He has appeared in 45 games and is averaging 19.4 minutes per game. Everyone knows that he would be receiving Erik Murphy-type treatment if it wasn’t for injuries and the Deng trade. Coach Tom Thibodeau has a history of not playing rookies, with Jimmy Butler and Marquis Teague being prime examples.
Look for Snell to have a great second half of the season, as he remains in Thibs’ rotation.
This is the second Bulls stint for Kirk Hinrich, and definitely his last. He’ll either be traded at the deadline or not re-signed during the offseason. It’s as simple as that.
Hinrich is having a not-so-glamorous campaign, averaging 8.3 points and 4.4 assists while shooting 36.4 percent from the field. In addition, he has hit only 29.2 percent of his three-point attempts.
While he isn’t considered one of the greatest shooters in NBA history, 29 percent is an awful statistic.
If Chicago keeps Hinrich in Chicago for the rest of the season, hopefully his shooting will improve. The Bulls, who rank 27th in three-point percentage, need all the help they can get.
On a positive note, he still a solid defender.
When the trade deadline passes, it won’t be shocking to see Mike Dunleavy wearing another team’s uniform.
He’s a veteran who can shoot the lights out, which means many contenders would love to acquire his services.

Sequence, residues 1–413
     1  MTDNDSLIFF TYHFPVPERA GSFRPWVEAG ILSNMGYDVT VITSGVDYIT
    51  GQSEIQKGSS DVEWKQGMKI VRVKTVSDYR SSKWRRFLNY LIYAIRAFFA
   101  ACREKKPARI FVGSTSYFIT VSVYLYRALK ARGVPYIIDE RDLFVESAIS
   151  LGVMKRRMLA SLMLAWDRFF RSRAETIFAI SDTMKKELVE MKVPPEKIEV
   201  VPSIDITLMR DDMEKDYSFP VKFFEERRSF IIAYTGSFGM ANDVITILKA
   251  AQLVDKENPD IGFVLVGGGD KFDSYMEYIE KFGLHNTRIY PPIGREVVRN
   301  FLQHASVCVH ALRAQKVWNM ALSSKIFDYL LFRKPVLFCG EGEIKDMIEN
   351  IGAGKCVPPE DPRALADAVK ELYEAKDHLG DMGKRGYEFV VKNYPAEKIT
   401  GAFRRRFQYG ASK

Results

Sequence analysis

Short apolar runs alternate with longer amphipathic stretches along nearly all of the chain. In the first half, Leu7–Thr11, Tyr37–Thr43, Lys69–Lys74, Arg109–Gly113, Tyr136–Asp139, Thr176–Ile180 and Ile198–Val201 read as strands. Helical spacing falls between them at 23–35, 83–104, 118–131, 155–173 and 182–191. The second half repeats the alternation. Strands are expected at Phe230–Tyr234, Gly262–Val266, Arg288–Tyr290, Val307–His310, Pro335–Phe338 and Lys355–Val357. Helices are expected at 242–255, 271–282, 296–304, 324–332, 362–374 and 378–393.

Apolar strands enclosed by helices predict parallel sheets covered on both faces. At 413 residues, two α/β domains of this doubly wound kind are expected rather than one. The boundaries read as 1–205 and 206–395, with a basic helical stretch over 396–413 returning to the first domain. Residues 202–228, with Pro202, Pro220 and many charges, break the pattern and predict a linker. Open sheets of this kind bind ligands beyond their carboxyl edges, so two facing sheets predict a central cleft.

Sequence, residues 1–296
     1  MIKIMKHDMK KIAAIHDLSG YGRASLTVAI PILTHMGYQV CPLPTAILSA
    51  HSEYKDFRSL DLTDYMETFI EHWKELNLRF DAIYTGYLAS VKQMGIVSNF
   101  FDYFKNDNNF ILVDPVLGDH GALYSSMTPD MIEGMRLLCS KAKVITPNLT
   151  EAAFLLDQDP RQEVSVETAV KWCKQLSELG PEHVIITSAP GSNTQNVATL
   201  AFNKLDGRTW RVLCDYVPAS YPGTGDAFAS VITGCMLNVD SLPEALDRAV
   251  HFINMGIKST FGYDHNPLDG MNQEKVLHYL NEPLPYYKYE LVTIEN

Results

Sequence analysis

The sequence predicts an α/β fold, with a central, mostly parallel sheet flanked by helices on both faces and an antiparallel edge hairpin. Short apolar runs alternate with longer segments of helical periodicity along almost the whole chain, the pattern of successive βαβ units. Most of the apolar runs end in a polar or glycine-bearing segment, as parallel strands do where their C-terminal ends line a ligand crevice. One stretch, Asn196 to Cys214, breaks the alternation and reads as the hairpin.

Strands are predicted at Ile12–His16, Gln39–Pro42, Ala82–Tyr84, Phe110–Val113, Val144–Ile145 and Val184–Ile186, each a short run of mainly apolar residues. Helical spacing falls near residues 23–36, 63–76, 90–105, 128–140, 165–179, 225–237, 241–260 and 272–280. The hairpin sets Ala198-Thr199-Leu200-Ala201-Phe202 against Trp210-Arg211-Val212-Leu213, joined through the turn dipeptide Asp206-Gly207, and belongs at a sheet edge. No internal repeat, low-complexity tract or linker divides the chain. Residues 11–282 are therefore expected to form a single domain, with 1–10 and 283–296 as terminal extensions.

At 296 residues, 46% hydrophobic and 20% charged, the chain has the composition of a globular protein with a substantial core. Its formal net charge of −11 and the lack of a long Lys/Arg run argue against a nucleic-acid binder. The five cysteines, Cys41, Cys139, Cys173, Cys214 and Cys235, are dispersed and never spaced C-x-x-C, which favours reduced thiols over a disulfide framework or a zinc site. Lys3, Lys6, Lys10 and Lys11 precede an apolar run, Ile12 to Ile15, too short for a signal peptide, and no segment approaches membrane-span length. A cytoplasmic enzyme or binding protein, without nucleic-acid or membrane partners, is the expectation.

Dunleavy is currently shooting 37.8 percent from three-point land, down from last season’s 42.8 percent. However, he has been a quality contributor for the Bulls thus far, averaging 11 points, 3.9 rebounds and 2.1 assists.
Starting just three games in each of the past two seasons, he has been a starter 30 times already this year.
If the Bulls hold on to Dunleavy, hopefully his shooting can help power the team to another playoff berth.
The injury bug has forced Jimmy Butler to miss 13 games this season.
When healthy, he has done what he always does best: play suffocating, lockdown D. The 6’7” swingman is undoubtedly Chicago’s top perimeter defender now that Deng is playing elsewhere.
Unfortunately, his shooting has been horrific (37.2 percent from the field, including 27.4 from beyond the arc). Those are not the type of numbers you want from your starting shooting guard.
Butler’s is serving as a decent scorer, though, with 12.3 points per game. He looked rather impressive in the Dec. 30 win over the Memphis Grizzlies, contributing 26 points and shooting 6-of-10 from the field. In addition, he hit two of his three long-range attempts and shot 12-of-14 from the charity stripe.
With Rose and Deng not around, Butler should be scoring more. Look for his numbers to improve during the second half of the season.
Losing a great point guard in Rose, the Bulls eventually found a nice replacement with the addition of D.J. Augustin. He’s not D-Rose 2.0 by any stretch of the imagination, but this kid can play.